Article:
Jeffrey W. Clark, MD | Authors

Targeted Therapy in Rectal Cancer

August 01, 2007

Epidermal growth factor receptor (EGFR) and vascular endothelial growth factor (VEGF) are often overexpressed in colorectal cancer and are associated with inferior outcomes. Based on successful randomized phase III trials, anti-EGFR and anti-VEGF therapeutics have entered clinical practice. Cetuximab (Erbitux), an EGFR-specific antibody, is currently approved in the United States in combination with irinotecan (Camptosar) for patients with metastatic colorectal cancer refractory to irinotecan or as a single agent for patients unable to tolerate irinotecan-based therapy. In retrospective analyses, patients with EGFR-expressing rectal cancer undergoing neoadjuvant radiation therapy had a significantly inferior disease-free survival and lower rates of achieving pathologic complete response. Based on the positive data in metastatic colorectal cancer and synergy with radiation therapy seen in preclinical models, there is a strong rationale to combine cetuximab with neoadjuvant radiation therapy and chemotherapy in rectal cancer. Bevacizumab (Avastin), a VEGF-specific antibody, was the first antiangiogenic agent to be approved in the United States for use in combination with standard chemotherapy in the first- and second-line of treatment in metastatic colorectal cancer. VEGF-targeted therapy may lead to indirect killing of cancer cells by damaging tumor blood vessels, and may increase the radiosensitivity of tumor-associated endothelial cells. VEGF blockade can also "normalize" tumor vasculature, thereby leading to greater tumor oxygenation and drug penetration. This review will address completed and ongoing trials that have established and continue to clarify the effects of these agents in rectal cancer.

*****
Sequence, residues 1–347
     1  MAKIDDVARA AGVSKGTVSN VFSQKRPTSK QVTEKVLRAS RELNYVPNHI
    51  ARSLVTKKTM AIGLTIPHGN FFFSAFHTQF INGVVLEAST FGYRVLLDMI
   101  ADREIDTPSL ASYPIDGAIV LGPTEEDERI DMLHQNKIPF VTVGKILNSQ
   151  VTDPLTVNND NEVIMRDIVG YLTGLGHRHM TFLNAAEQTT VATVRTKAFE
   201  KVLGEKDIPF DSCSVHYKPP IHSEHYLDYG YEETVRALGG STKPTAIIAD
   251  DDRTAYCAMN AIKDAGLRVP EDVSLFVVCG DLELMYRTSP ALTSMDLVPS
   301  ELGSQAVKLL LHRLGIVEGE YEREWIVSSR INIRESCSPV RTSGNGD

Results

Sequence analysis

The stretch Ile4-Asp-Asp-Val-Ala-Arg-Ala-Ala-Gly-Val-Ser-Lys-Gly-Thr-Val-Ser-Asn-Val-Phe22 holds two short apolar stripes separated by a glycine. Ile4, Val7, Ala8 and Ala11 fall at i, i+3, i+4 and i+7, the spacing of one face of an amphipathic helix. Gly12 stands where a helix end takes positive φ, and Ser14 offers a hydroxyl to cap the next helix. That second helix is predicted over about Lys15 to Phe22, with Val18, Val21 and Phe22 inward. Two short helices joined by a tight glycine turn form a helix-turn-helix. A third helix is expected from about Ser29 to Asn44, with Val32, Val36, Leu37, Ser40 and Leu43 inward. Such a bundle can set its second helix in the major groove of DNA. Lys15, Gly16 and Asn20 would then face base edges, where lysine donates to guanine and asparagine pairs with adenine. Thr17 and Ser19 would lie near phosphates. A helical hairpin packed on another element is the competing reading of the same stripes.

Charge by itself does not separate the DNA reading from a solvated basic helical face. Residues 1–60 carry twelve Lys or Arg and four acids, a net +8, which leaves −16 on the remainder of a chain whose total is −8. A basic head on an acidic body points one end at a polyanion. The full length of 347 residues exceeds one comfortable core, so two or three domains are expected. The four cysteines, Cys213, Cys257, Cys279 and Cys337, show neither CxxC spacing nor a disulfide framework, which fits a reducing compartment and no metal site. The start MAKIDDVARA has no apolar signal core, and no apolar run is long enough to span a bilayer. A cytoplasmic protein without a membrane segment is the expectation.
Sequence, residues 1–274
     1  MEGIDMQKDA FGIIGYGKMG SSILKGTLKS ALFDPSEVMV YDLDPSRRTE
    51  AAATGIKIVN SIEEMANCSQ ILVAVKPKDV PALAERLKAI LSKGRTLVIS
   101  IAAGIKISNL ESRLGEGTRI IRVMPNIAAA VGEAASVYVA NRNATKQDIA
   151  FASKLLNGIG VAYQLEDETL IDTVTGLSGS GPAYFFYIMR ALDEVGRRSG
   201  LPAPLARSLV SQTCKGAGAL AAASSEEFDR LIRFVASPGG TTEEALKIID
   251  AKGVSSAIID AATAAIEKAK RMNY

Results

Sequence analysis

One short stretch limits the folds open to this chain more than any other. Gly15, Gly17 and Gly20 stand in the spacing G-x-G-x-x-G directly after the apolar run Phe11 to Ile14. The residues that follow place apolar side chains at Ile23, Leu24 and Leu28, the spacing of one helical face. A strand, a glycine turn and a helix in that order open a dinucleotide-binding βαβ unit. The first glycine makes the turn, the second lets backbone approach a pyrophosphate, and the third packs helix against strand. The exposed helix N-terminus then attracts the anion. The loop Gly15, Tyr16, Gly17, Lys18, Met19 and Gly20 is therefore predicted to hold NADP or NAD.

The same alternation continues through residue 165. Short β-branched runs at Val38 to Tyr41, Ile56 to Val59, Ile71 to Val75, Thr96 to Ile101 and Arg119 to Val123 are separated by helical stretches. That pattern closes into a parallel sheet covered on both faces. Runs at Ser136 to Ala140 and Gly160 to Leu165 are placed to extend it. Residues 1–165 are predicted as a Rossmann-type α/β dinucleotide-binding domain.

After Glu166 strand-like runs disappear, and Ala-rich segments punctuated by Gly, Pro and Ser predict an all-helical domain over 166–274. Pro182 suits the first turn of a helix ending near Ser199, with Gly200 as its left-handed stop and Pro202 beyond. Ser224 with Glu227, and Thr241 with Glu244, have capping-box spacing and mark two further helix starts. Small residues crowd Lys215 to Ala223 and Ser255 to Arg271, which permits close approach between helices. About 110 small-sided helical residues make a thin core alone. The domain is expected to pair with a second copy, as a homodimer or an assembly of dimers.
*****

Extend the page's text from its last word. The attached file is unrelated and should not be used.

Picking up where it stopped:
Commentary (Ryan/Clark): Management of Anal Cancer in the HIV-Positive Population

November 01, 2005

Kauh and colleagues nicely outlinethe major problems facingclinicians who treat humanimmunodeficiency virus (HIV)-positivepatients with squamous cell carcinomaof the anus. This is a highly curabledisease with combined-modality therapy,though the HIV-positive populationpresents unique challenges. Weagree with the approaches outlined bythe authors and would also like to emphasizeseveral principles in the managementof anal cancer.

Update on Combined-Modality Treatment Options for Pancreatic Cancer

December 01, 2003

Cancer of the pancreas remains a formidable challenge in oncology.This malignancy ranks as the fourth leading cause of cancer deathin the United States in 2003, with an estimated 30,700 new cases to bediagnosed and 30,000 deaths. Although gains have been achieved inthe clinical management of these patients, this malignancy is rarelycurable. Long-term survival is limited to patients undergoing resection.For patients with localized but unresectable malignancy, radiationtherapy combined with fluorouracil, gemcitabine (Gemzar), orpaclitaxel has shown modest improvements in survival and symptompalliation. However, there has been significant progress in the diagnosticevaluation of pancreatic cancer patients, which has aided cliniciansin caring for these patients and in selecting therapies. The use ofcomputed tomography, endoscopic ultrasonography, and laparoscopytechniques will be discussed. Newer techniques of radiation therapy,such as intraoperative electron-beam radiation therapy and threedimensionalconformal radiation therapy, with the integration of newbiologically targeted agents may provide new avenues of research andprogress in this disease.

Current Perspectives on Locally Advanced Pancreatic Cancer

November 01, 2000

This year, approximately 40% of the 28,300 patients diagnosed with pancreatic carcinoma in the United States will present with locally advanced disease. Radiotherapeutic approaches are often employed, as these patients